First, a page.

Since 2018 we have been traveling the world, by plane and by zoom, working on development of leadership and leadership team effectiveness. From Pakistan to the Philippines and from Washington State to Washington DC, we continue to find organizations dealing with similar leadership and organizational breakdowns, no matter the industry.
We want to introduce these breakdowns (issues, speedbumps, blockers—the things that hold leaders back) to you because often, as leaders, we just don’t see them. Yet to overcome and persevere, we must not only see them, but grow our leadership muscles to overcome them and thrive!
Here’s the thing: while many hospitality teams have come together stronger than ever in the pandemic, they are still somewhat resigned and burned out. They are hoping that their industry and clients will return to “normal.” They are fearful of the business that is coming and having to do it all again, just in a different way. We are all hoping that our teams will have the energy and passion to push through.
We want to be sure that our clients are not going into these upcoming seasons only relying on hope. Even before “The Great Resignation” we had “The Worldwide Crisis of Employee Engagement.” It was already time for businesses to realign, to rediscover, and to reinvest in their people and organizations.
Google Maps as a leadership tool
A key to building strong organizational leadership is to know where you are, where you are going, and how to manage breakdowns that will inevitably happen to your plan. Think of Google Maps as a leadership tool. Google Maps needs to know exactly where you are and exactly where you want to go. When you start driving, Google Maps is constantly tracking your progress. What happens when you miss a turn, or get a flat tire (what we call a breakdown)? Google helps you recalibrate and recenter. You get back on track to your desired destination.
Specifically, what are our proactive hospitality clients doing?
They are working to define their reality of strengths, opportunities, and aspirations. What internally and externally is blocking their way? They are adding to their leadership toolbox.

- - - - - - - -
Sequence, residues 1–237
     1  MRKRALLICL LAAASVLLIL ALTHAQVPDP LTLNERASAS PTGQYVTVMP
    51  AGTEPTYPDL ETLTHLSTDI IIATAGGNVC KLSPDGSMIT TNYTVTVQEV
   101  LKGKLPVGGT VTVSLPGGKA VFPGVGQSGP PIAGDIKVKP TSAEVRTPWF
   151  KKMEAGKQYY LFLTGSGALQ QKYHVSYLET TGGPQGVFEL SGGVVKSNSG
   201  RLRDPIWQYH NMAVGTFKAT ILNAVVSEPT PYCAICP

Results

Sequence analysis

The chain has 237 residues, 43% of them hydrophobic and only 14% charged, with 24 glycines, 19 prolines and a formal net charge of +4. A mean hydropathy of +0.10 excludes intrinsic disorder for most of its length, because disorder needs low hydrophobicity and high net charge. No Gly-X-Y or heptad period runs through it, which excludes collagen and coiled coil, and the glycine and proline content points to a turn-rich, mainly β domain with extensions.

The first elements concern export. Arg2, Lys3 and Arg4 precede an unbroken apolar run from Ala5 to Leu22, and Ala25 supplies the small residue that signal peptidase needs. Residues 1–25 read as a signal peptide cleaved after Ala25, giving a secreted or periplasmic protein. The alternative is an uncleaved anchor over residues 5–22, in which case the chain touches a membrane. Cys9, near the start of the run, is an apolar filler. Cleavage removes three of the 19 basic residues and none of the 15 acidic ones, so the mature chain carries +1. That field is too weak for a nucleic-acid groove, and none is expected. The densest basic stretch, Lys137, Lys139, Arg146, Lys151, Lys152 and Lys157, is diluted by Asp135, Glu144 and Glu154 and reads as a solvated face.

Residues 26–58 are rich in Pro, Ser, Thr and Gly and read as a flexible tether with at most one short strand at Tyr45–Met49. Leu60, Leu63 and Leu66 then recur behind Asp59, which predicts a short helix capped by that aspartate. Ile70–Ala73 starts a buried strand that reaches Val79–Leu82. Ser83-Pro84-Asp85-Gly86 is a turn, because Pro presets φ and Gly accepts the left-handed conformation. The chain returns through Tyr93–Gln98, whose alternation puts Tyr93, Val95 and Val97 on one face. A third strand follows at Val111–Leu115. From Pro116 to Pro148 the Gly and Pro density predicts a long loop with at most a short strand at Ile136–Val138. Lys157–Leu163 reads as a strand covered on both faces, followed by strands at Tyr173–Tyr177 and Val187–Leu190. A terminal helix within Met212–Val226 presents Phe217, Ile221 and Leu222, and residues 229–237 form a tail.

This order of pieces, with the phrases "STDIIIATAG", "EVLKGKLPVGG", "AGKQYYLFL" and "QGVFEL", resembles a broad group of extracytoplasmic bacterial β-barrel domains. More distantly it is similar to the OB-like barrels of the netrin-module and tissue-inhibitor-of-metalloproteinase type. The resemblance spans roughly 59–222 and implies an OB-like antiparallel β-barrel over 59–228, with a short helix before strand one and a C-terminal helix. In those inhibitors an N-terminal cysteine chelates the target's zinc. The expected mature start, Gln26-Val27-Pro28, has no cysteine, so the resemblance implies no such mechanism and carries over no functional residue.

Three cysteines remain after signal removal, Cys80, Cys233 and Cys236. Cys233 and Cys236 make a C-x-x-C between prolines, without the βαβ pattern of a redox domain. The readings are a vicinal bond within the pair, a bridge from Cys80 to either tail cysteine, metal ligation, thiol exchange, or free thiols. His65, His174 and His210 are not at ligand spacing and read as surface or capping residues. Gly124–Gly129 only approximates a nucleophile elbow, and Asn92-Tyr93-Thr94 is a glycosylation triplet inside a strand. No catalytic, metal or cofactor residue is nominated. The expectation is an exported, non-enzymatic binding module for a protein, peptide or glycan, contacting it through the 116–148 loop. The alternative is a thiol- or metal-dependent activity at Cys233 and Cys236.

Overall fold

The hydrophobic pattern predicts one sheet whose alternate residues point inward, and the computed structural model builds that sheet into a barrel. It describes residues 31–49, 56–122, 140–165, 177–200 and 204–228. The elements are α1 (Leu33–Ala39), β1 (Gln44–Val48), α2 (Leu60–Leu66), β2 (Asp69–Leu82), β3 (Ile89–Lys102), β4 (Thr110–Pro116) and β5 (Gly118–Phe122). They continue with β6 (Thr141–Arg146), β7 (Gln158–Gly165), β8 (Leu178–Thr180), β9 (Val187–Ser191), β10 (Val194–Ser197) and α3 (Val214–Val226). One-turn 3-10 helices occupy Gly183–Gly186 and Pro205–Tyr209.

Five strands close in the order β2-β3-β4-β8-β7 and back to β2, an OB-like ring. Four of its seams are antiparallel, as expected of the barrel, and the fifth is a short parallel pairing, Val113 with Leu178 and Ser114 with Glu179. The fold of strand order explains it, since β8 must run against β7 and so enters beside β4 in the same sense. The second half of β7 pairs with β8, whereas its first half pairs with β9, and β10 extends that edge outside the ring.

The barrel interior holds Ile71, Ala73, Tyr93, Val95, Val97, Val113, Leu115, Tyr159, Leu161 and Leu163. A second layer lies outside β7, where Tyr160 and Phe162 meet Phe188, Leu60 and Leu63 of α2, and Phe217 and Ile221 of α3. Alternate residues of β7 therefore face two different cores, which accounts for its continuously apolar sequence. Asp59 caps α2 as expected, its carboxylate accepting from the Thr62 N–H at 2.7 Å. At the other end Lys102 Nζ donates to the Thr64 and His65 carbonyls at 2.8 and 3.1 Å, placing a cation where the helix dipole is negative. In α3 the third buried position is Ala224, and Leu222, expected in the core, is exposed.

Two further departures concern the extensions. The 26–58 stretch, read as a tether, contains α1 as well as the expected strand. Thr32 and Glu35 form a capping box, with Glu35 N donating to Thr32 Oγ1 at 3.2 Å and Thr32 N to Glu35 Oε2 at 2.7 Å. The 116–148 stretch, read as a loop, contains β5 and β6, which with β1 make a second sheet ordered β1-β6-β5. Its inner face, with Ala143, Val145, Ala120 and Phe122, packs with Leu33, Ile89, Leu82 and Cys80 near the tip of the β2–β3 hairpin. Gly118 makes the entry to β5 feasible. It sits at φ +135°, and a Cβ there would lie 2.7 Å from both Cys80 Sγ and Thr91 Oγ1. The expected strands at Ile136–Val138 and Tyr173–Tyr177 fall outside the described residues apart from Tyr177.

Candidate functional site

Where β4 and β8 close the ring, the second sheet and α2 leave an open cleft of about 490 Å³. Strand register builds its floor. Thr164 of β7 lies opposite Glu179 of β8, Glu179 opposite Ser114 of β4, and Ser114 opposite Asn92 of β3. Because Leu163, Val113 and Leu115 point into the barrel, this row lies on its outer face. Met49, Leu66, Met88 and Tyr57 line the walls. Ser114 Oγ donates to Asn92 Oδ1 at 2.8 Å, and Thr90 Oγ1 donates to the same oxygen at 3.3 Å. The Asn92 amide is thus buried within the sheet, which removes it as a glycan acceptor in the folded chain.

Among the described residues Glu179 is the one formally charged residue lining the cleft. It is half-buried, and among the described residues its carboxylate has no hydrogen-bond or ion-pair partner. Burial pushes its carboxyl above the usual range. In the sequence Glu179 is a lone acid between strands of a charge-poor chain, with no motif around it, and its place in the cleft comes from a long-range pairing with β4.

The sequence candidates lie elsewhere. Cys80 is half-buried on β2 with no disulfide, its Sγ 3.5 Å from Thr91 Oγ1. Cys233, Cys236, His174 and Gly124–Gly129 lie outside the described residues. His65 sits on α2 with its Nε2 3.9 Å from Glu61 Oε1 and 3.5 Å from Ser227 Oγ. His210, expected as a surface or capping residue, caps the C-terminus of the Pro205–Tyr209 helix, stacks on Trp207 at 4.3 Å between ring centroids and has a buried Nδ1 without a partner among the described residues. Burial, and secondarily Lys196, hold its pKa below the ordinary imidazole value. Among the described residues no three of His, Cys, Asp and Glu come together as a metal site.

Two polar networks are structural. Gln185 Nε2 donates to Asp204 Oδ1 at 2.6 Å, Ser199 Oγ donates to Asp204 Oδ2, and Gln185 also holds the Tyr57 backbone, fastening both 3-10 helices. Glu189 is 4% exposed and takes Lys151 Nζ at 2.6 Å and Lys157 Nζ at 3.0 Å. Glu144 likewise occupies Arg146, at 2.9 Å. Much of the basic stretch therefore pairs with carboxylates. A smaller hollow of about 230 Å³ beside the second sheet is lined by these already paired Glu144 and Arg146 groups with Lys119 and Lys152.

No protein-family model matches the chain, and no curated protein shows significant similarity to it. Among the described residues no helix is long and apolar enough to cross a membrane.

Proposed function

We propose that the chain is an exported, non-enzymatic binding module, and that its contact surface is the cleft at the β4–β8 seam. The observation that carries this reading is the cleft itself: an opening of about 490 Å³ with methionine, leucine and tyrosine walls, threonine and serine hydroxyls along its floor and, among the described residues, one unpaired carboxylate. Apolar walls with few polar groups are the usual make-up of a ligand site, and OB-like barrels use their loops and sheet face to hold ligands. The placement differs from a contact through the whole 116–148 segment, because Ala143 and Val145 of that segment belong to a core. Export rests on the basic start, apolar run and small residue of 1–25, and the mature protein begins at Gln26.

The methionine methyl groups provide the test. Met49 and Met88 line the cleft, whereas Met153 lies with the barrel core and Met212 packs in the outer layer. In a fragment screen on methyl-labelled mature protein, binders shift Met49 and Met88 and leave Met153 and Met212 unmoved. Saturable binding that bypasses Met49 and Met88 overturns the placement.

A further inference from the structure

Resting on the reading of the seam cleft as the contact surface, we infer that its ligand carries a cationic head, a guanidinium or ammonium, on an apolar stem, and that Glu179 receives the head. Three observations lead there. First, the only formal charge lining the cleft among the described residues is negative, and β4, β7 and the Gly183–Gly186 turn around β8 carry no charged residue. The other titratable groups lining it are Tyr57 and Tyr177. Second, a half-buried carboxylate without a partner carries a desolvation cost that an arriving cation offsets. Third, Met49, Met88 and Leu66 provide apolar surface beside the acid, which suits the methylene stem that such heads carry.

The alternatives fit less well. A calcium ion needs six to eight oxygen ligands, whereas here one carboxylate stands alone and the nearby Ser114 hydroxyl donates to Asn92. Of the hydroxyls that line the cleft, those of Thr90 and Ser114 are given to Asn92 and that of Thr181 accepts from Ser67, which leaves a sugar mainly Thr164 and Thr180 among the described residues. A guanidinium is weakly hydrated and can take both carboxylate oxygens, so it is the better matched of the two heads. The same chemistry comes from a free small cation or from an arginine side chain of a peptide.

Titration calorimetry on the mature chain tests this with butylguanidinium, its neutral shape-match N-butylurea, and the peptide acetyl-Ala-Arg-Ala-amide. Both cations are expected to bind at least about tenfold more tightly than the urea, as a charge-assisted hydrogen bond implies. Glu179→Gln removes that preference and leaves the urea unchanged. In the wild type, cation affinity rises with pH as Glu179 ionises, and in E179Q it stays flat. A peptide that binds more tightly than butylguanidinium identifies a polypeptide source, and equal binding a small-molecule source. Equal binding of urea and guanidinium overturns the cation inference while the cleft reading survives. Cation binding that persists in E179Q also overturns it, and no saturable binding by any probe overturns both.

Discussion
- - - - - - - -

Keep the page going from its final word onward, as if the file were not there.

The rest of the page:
They are actively planning, assessing, and recalibrating toward their desired outcome. These leaders and teams are dealing with the same blocks as you and your organization. One of the keys is having awareness that typical organizational blocks do exist and are identified. All business leaders deal with each of the below issues at some point. With this knowledge, you can open up and observe which of these might be affecting you and your organization.
Do not stay stagnant. Deal with the world as it is, not how you’d like it to be. Open up, come together as a team, define your strengths, find and manage current or potential breakdowns, develop new leadership tools, and develop your leadership muscle.
The enemies of learning: Which of these might be holding your leadership back?
- Our inability to admit that we don’t know
- The desire for clarity all the time
- Lack of priority for learning–“I don’t have time”
- An inability to unlearn
- Ignoring the emotional dimension of learning
- Confusing learning with acquiring information
- Not giving permission to others to teach us
- Lack of trust
Key organizational breakdowns: Which of these might be holding you back?
- Ownership is not clear on what they really want.
- Ownership doesn’t talk to their teams and therefore they don’t know if the team desires and shares a promise to a particular future.
- They don’t know if they have the “right people in the right seats” to get them there.
- They don’t have a clear planning and meeting cadence to define the future and assess if they are on or off track.
- They have fuzzy expectations and then are disappointed when these expectations fall short.
- The leader runs their own planning session because “nobody knows the company as well as I do.”
- The organization is unaware of its blind spots because the environment is not safe to discuss them. They hope the issues will magically get better.
- They make excuses for underperformers instead of letting them go.
- Leaders micromanage and frustrate versus delegate and lead.
- Leaders are fuzzy around commitments and standards for accountability.
- Their management toolbox becomes stagnant, empty, and ineffective.
- There is a lack of commitment to learning. We must learn or be passed by—learn from our mistakes, successes, and experiences, and learn from others in the world, particularly from those who have risked and have experience in success and failure.
What happens when leadership teams address these issues and build their leadership toolbox? By focusing on questions such as these, teams become proactive, focused, lean, and accountable. They become more satisfied and more engaged. Their entire organization gets to work accomplishing “The Most Important Objectives” which will help them survive and thrive.
How are you as an owner, leader, or leadership team addressing these issues so that you have a plan to be proactive, reenergized, and strategic in becoming best-in-class?
Hope is not a strategy. The best predictor of your future behaviors and results are your past behaviors and results. Get curious and have trusting conversations with yourself and your team. Find a coach to push your thought process and be a thought partner with you. Only then can you take new actions toward the results that you say you want.
Choose your future. Love your choice. You are choosing either way.